The Doughnut Trick: renewable fuel from May Day doughnut waste fat

In the spirit of circular economics, Neste and Fazer Bakery are joining forces with their Doughnut Trick campaign. The oil that was used to fry Fazer Bakery’s May Day doughnuts will be recycled by refining it to produce Neste MY renewable diesel. The value of the fuel will be donated to the Finnish chapter of the charity SOS Children’s Village International. The amount of diesel that’s made from the oil used to fry every three doughnuts is enough to drive a distance of about one kilometer.
 
Now, for May Day, Fazer Bakeries and Neste are doing good together. Fazer Bakeries will donate to Neste the fat used to fry their May Day doughnuts, and Neste will use the waste fat to produce Neste MY renewable diesel. The value of the fuel will be donated directly to the summer camp activities of the Finnish chapter of SOS Children’s Village International.
 
Fazer Bakery and Neste came up with the Doughnut Trick campaign as a way of reminding people in Finland about the potential of the circular economy and recycling. There are many new uses for waste and residues. At the same time, the companies also want to remind home doughnut makers of the correct means of final disposal of waste frying oil. The right destination for domestic waste fat is compost or mixed waste – under no circumstances should it be poured down the drain. A small amount of fat can be absorbed directly into biowaste, but larger amounts should be put into mixed waste. In the latter case, it’s a good idea to dispose of the cooking oil in the bottle it came in, for instance.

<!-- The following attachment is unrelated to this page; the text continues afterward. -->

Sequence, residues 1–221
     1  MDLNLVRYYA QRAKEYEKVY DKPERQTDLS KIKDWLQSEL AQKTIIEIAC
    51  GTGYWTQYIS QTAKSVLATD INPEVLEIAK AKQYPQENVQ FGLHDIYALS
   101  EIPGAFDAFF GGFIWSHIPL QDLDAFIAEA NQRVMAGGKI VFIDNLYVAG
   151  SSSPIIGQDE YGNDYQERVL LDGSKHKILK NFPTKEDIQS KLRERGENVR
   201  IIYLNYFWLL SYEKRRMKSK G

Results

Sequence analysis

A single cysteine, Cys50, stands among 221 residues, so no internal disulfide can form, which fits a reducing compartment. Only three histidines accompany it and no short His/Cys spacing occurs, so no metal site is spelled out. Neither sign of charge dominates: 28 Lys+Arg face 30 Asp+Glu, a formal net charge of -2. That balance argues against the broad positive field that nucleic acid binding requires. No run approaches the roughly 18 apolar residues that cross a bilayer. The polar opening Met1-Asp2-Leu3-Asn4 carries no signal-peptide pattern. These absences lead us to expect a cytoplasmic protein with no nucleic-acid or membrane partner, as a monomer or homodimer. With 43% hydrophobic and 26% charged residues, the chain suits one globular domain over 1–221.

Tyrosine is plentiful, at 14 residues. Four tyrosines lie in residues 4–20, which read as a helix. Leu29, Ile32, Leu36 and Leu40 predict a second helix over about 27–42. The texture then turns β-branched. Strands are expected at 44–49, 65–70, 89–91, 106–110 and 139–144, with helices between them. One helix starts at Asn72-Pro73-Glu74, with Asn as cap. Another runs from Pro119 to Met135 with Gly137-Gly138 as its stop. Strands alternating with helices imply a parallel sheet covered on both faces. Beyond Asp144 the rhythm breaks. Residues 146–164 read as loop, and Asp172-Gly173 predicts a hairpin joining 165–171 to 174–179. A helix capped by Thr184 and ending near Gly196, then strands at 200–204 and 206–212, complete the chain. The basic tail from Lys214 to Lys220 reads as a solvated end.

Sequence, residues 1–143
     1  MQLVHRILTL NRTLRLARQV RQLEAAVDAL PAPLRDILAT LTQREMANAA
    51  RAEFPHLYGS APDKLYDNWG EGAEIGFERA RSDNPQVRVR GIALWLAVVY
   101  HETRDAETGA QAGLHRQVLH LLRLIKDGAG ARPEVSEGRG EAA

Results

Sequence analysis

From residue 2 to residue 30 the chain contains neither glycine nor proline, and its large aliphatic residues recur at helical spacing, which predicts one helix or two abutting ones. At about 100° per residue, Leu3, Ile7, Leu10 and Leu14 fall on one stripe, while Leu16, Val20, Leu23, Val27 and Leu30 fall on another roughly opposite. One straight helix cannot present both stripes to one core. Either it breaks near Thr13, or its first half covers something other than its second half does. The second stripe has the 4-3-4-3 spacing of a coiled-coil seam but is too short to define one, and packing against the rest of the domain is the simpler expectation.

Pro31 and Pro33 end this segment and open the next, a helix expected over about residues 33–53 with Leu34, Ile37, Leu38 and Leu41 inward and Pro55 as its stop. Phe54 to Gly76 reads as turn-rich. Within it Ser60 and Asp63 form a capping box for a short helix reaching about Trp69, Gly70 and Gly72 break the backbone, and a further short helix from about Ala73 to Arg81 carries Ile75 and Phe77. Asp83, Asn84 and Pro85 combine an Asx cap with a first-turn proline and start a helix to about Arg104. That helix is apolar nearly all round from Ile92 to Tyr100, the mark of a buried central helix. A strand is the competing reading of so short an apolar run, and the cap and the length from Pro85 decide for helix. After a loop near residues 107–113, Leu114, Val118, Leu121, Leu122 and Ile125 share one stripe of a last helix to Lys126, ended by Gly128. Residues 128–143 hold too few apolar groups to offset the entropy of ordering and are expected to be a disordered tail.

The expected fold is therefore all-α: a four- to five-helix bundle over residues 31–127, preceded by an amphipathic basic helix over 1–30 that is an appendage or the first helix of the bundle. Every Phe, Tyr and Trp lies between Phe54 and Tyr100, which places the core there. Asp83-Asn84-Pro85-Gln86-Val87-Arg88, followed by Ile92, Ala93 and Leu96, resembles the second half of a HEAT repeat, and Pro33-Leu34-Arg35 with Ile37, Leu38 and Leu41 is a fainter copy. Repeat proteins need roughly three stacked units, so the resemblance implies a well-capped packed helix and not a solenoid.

Environmental questions are generating more and more discussion and debate, and the circular economy has become a major global trend. Rotary economics is important to Neste and Fazer Bakery alike. The two companies aim at utilizing resources and exploring innovative ways to recycle and reuse materials ever more efficiently.

“We were immediately inspired by the cooperation idea, as Fazer Bakery’s primary goal is to prevent the generation of waste and to reduce its volume,” says Nina Elomaa, Director, Corporate Responsibility at Fazer Group. “In our opinion, this is a great way of introducing people concretely to the circular economy, and at the same time to support a good cause,” Elomaa continues.

“Through the Doughnut Trick, we want to illustrate how waste and residues can be reused to produce new products, in this case high-quality Neste MY renewable diesel,” adds Johan Lunabba, Director, Sustainability at Neste.
 
May Day is a natural time for cooperation between the two companies, since doughnuts are very popular in Finland at this time of year. As many as 16 million Fazer Omar and Berliinimunkki doughnuts are eaten annually. This is around three doughnuts a year for each person in Finland.
 
Normally Fazer’s frying fats are reused as a raw material by the asphalt and soap industries. For its part, Neste already recycles all the fat that is used in the meat industry and other industries in Finland to make renewable diesel. Motorists in Finland can buy Neste MY renewable diesel, which is made 100 percent from waste and residues, from several gas stations in the capital region. There is also one station in Turku selling it, and one in Tampere. Neste MY renewable diesel can help its users reduce greenhouse gas emissions by up to 90% over the lifecycle of the fuel compared to conventional fossil diesel.
 
Last Christmas, Neste jointly cooperated with the Chemical Industry Federation of Finland and other partners in its Christmas waste ham fat campaign. The campaign involved collecting ham roast fats for recycling into fuel, and was a big success. The proceeds from the fuel were donated to charity. The May Day Doughnut Trick continues these charitable efforts in the spirit of the circular economy, this time with doughnut oil fat.

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